A breakthrough discovery by Australian scientists is offering hope for children suffering from a rare and deadly brain tumour.
Researchers studying immunotherapy for inoperable cancers at the Walter and Eliza Hall Medical Research Institute in Melbourne say the treatment is effective at treating Diffuse Intrinsic Pontine Glioma (DIPG).
DIPG is an aggressive type of brain tumour that affects 20 children in Australia every year.
It impacts the part of the brain responsible for vital functions like breathing, swallowing and movement – meaning it cannot be surgically removed.
The aggressive cancer affects children between the ages of about five to seven and has previously been untreatable, with patients unlikely to survive a year after diagnosis.
Researchers have now discovered a new form of immunotherapy treatment, called CAR T therapy.
Head researcher, Associate Professor Misty Jenkins, says it offers hope for the devastating illness by boosting a patient’s existing immune cells.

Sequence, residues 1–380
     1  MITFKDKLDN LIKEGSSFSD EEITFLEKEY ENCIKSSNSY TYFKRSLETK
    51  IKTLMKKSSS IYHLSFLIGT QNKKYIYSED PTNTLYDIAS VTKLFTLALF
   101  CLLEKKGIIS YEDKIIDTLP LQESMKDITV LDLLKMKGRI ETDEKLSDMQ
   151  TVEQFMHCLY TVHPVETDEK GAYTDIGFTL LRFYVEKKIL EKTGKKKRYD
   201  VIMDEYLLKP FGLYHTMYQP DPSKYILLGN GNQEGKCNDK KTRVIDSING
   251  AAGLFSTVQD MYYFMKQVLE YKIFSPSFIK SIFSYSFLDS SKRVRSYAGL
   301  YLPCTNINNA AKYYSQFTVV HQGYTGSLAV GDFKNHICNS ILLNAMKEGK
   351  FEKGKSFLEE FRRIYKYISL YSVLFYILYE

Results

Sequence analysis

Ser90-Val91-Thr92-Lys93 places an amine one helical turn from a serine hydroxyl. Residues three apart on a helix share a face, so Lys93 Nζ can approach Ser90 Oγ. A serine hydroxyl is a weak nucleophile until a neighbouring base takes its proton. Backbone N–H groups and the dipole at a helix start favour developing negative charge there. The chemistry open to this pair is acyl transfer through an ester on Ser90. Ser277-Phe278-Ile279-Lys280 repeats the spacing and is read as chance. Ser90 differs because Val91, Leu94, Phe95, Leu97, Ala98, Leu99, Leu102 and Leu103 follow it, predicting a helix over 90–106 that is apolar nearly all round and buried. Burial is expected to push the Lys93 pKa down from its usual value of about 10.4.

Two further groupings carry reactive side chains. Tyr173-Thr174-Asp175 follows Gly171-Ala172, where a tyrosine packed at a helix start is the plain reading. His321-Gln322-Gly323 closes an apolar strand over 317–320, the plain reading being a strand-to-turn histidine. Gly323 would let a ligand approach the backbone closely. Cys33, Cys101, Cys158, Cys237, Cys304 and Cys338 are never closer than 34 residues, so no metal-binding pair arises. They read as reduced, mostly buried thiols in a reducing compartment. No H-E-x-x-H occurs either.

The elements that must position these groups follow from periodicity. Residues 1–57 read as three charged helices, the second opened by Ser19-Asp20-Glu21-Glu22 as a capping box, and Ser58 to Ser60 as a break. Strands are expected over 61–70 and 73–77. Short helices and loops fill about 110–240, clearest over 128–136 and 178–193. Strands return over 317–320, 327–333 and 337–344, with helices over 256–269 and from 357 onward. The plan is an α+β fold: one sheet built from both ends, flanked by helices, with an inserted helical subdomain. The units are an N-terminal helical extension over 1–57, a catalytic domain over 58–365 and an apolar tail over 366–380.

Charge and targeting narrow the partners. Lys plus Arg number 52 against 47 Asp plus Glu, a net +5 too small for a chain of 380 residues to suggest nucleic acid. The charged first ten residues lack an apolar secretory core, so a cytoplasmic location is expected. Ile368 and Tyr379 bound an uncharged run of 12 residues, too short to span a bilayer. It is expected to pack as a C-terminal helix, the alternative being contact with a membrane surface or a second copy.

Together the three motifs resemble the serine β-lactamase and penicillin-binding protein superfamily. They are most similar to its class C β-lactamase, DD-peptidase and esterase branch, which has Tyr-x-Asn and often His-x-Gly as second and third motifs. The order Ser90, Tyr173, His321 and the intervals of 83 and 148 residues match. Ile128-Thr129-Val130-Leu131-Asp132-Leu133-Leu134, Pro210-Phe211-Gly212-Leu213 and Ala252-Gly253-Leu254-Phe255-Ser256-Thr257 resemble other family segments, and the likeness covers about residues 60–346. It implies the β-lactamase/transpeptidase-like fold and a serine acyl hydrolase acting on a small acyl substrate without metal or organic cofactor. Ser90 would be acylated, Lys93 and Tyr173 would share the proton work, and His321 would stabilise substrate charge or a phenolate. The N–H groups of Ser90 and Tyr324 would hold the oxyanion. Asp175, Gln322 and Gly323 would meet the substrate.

CAR T cell therapy isolates a patient’s immune cells, engineering them to become “super killer cells” and then re-infusing them into the patient to fight the cancer.
It trains the body to fight the cancer with its own cells, which means if the cancer returns, the cells will have a memory of their previous battles.
“These genetically-modified white blood cells act as a ‘living drug’, which means the patient will retain a living memory in their body of the anti-tumour response that may also work to kill the tumour again if it ever returns,” she said.
“The way these cells can completely eliminate the tumours and persist in the body into the future is what is so exciting about CAR T cell therapy, and why immunotherapy is the future of precision medicine,” she said.
The treatment involves CAR T cells that recognise a cancer-specific protein called HER2.
Once in the brain, the CAR T cells recognise this protein and signal the T cells to kill the tumour cells.
Unlike radiation, which kills cancerous as well as healthy brain tissue, CAR T cell therapy uses a patient’s own immune cells and engineers them to recognise and kill the tumour.
“CAR T cells offer a possibility of cure, with no long-term side effects,” Prof Jenkins said.
The study’s preclinical models showed the use of CAR T cell therapy had effectively eliminated the DIPG tumours, with the research published in the open access journal Neuro-Oncology Advances.
The researchers said the finding lays the groundwork for thousands more potential therapies to combat DIPG.
The study shows the treatment is safe for children, with hopes it will be available in a clinical setting soon.
(Australian Associated Press)